Suppose you created a derived class, then replaced every instance of the base class in your program with that derived class. Did the resulting program behave the same? If not, then you have introduced some gotchas. These gotchas will probably be accounted for in the case of a class designed for inheritance (e.g. I've seen some classes designed for inheritance that actually have functions to check if other functions are implemented to allow for the case of them not even existing, e.g. file i/o classes that might be missing seek functionality). Since an abstract class is always going to have been designed with inheritance in mind but a concrete class might not, this could be unsafe.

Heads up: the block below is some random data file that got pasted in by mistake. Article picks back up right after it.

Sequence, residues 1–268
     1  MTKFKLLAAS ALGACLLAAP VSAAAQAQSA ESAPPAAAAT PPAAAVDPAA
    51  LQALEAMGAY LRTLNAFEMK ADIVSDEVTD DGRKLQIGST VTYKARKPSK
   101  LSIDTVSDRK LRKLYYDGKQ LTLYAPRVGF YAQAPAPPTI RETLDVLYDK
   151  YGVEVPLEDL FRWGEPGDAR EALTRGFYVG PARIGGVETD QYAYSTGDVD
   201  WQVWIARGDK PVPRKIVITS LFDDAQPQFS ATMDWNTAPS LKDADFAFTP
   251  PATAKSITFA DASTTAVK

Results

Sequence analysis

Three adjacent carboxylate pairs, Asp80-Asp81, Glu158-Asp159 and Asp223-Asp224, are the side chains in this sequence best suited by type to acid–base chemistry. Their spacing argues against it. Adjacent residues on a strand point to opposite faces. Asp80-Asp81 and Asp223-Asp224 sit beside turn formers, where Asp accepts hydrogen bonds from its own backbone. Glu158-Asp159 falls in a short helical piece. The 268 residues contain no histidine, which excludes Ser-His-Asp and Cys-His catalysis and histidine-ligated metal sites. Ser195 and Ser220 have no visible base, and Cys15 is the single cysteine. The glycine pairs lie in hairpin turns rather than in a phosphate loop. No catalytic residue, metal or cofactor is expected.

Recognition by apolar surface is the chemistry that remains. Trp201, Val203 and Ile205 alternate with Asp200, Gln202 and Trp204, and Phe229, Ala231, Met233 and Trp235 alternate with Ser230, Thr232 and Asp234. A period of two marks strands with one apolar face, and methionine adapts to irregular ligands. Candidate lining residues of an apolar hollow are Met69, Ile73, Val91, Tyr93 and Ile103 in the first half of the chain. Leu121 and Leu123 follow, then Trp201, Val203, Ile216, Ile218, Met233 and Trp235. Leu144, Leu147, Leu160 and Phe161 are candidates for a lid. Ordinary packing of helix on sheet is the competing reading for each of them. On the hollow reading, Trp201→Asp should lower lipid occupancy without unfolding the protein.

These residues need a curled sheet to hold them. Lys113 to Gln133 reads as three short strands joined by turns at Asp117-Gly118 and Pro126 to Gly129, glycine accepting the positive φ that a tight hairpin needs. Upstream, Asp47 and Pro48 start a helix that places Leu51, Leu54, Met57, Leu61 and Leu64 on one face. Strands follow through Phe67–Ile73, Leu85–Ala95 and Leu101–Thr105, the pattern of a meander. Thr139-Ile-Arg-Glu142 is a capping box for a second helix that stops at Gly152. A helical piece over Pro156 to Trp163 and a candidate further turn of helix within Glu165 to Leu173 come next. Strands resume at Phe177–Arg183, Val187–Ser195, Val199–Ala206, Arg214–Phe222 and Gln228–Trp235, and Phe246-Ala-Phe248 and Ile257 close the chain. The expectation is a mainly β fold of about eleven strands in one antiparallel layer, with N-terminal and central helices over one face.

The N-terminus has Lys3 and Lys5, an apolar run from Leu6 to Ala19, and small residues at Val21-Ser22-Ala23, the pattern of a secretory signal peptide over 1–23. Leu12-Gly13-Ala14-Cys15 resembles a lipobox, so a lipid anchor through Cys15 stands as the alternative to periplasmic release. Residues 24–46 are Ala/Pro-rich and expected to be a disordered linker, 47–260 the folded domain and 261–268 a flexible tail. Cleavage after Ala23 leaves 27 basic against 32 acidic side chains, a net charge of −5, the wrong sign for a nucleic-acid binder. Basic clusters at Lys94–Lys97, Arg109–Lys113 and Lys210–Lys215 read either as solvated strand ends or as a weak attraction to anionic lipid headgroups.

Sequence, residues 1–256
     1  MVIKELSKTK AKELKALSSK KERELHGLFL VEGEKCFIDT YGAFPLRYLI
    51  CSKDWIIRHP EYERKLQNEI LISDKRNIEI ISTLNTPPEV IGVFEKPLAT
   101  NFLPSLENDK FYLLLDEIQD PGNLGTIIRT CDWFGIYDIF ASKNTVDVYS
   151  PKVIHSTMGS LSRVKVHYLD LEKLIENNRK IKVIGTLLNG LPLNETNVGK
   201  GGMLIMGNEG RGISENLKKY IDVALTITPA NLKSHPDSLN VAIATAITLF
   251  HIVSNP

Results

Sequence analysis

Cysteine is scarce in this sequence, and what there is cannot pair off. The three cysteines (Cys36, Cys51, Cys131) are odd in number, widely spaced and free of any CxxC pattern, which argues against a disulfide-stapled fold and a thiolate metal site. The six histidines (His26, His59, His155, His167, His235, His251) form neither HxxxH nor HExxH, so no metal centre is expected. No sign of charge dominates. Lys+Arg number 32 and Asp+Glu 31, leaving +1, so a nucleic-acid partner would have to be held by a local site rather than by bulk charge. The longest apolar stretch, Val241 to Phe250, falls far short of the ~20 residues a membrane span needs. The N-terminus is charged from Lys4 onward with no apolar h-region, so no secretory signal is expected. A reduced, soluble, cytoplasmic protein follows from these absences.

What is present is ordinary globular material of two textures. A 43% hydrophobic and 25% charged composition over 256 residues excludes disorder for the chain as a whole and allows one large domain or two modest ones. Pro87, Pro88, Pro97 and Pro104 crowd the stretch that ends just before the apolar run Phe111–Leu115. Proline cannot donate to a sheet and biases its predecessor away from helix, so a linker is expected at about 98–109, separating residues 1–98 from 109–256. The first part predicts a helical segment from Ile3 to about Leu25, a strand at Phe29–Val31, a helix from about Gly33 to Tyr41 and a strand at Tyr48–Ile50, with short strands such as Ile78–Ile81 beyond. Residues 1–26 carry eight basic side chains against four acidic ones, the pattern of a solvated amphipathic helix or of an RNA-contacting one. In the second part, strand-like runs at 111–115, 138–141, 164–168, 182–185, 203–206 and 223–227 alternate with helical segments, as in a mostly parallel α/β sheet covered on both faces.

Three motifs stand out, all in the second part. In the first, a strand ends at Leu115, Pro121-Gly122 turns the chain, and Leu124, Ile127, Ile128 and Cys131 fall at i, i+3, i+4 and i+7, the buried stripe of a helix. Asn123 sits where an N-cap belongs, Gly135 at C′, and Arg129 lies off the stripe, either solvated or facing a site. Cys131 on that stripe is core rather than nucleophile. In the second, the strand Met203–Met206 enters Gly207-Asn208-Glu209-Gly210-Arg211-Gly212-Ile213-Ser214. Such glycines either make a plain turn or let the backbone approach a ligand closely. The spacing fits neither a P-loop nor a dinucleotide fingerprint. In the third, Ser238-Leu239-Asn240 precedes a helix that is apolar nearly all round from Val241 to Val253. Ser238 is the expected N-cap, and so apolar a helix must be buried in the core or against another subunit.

The explanation above talks about the case where the resulting derived class is not fully compatible with the base class, which is dangerous. But what if it is fully compatible? In this case, some of the potential justifications for using inheritance (instead of composition) fall apart. We don't have any virtual functions or protected members (if we do, then I assume the class was designed for inheritance). Still, using inheritance in this case is probably pretty safe, though ensuring it really is fully compatible is tough. I'd rather use composition and be safe.
The term for what I was talking about above is the Liskov Substitution Principle. A shorter explanation would be that in most cases, a derived class of a class not designed for inheritance will either violate Liskov's Substitution Principle or will not be able to accomplish anything useful that could not have been accomplished using composition instead.